A few months ago now, I wrote something about the sheer number of different railways that interest me enough to want to build models of them. It’s a fairly long list, to be frank, of ideas and concepts that I’ve considered over and over to, for one reason and another, very little concrete result.
My subconscious evidently thinks that that long list isn’t enough, because last night I awoke from a dream that a magazine article had inspired me to build an American-set model railway (or model railroad, I suppose). It was based on the concept of a “double terminus”: two lines meeting from opposite directions, built by different companies, without through trains per se but with traffic interchanged.
To be honest, it’s quite an interesting concept. There are a few examples in Britain I can think of. Halesowen, in the West Midlands, was a rather strange station where the GWR and LMS met from opposite directions. Brecon was a slightly more complex example: the Neath and Brecon Railway met the Brecon and Merthyr Railway end-on, with through trains from the Cambrian Railways, and with the Midland Railway using the whole thing as a route to reach Swansea. After 1922 this all became a lot quieter. The ultimate example is probably Wells, which once was served by three separate railways approaching from three different directions, all of them rather meandering and quiet branchlines.
In a way my subconscious was right: America is somewhat more fertile ground for this sort of concept. Britain suffers from its relative lack of railway companies, particularly from 1923 onwards; there would be many more cases of this sort of thing if it weren’t for earlier amalgamations. I said Brecon became a lot quieter: the companies sharing the station both became part of the Great Western Railway, and the Midland’s successor, the LMS, had its own route into Swansea and didn’t need to pay tolls to its competitor to get there. Brecon’s station became a dozy, sleepy place as a result, losing its railways completely in 1962.* Similar things happened elsewhere, or had happened already. Nevertheless, there were always going to be places where different railways or just different ways of working met. Another Welsh example is Nine Mile Point, an entirely arbitrary place whose existence I’ve briefly touched upon before. In 1805 the Tredegar ironworks wanted to build a railway to Newport, but the Monmouthshire Canal didn’t want to lose their income; they agreed to compromise by building half of the railway each, with the dividing line being at the ninth milepost from Newport. For one reason and another the canal company ended up asking the Great Western Railway to buy it out (and the results can still be seen); and the ironworks-founded Sirhowy Railway ended up owned by the London and North Western Railway. Nine Mile Point became a “frontier”, and lasted as such into the 1960s. It’s interesting to speculate how much the Sirhowy Valley suffered by comparison with the valleys either side, through having its railway divided in that way, but of course it can only ever be speculation.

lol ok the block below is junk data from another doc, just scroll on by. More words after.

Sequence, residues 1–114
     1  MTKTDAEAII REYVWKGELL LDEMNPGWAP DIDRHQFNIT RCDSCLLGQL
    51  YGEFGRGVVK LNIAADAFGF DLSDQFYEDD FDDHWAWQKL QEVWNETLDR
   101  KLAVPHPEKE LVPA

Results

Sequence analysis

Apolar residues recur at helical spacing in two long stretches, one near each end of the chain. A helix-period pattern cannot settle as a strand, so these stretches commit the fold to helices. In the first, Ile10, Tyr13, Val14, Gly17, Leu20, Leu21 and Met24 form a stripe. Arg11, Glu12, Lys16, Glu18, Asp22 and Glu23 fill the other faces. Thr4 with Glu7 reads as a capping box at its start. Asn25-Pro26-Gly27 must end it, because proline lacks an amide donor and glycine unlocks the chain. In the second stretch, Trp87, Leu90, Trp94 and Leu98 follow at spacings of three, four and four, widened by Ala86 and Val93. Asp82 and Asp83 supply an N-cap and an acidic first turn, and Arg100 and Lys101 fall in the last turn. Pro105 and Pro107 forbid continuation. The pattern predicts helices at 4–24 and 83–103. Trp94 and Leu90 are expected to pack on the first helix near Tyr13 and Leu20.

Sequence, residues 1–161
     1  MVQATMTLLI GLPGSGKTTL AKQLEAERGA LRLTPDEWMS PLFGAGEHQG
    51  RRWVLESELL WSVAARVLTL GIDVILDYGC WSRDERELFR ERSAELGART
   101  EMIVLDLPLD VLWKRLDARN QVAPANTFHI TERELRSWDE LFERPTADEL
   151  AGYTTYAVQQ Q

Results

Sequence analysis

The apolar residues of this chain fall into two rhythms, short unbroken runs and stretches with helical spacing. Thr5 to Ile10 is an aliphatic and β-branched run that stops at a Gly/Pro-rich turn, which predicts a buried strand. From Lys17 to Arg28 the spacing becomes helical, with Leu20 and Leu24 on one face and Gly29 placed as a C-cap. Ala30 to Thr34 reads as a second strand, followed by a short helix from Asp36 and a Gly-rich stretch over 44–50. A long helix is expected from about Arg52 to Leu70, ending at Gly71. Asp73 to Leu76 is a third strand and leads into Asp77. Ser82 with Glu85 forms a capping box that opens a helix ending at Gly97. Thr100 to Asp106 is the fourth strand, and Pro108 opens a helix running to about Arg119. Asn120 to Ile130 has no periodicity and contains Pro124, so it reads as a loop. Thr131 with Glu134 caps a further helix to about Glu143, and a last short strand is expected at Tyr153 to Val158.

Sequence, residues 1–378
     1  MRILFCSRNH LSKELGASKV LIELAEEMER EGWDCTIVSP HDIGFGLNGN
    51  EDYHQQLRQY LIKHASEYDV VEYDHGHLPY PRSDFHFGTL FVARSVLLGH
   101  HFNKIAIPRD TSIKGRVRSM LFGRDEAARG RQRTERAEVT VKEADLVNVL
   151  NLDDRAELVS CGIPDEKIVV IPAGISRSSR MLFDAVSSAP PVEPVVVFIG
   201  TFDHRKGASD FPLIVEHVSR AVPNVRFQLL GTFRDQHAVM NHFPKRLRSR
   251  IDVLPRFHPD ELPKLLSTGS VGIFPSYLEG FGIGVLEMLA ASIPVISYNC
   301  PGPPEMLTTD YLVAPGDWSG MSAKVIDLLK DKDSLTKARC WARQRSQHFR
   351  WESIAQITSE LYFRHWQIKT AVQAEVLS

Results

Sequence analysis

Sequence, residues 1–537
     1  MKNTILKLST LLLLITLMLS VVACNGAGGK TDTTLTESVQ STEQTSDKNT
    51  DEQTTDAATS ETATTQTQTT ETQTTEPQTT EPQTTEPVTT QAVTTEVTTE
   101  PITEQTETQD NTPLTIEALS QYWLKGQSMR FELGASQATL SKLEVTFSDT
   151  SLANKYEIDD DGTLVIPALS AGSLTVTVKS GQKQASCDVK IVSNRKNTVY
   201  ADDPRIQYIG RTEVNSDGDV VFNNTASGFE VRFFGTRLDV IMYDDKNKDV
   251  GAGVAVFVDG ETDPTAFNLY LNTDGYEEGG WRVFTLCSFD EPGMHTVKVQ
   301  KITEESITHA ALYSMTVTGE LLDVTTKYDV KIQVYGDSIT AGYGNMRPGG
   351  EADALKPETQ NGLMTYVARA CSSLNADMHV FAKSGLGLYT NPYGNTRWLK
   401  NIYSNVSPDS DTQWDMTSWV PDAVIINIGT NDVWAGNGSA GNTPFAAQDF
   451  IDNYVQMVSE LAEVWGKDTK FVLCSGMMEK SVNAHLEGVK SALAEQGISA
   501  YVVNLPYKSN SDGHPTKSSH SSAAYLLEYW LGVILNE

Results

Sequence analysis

I’m not going to add “random dream-inspired American railroad” to my list of models I might one day build, but it has at least sparked off a bit of thought and imagination in my mind, and led to this blog post at the very least. I’m going to finish it off with a photo of somewhere I might more plausibly build a model of one day.
This is the former Rhiwderin station, at the far end of the Brecon & Merthyr Railway from Brecon. It has a properly-scenic model railway feel to it, with the station building, the level crossing (replacing an earlier bridge), a Victorian village school next to the station, and a row of worker’s cottages behind the school. The terraces and the school were built for the workers at a tinplate factory which was built alongside the railway here but had already gone bankrupt by the 1870s. As a model it looks very attractive, with all of the parts in place just so; but it would also be fairly boring to operate as a railway, with trains heading back and forth but not much else going on. That’s the problem with real places for model railways: they rarely combine both an attractive appearence with interesting things going on. Maybe the railways of your dreams have their advantages after all.
* Nothing to do with the infamous Richard Beeching, before you ask; he didn’t publish his report until the following year.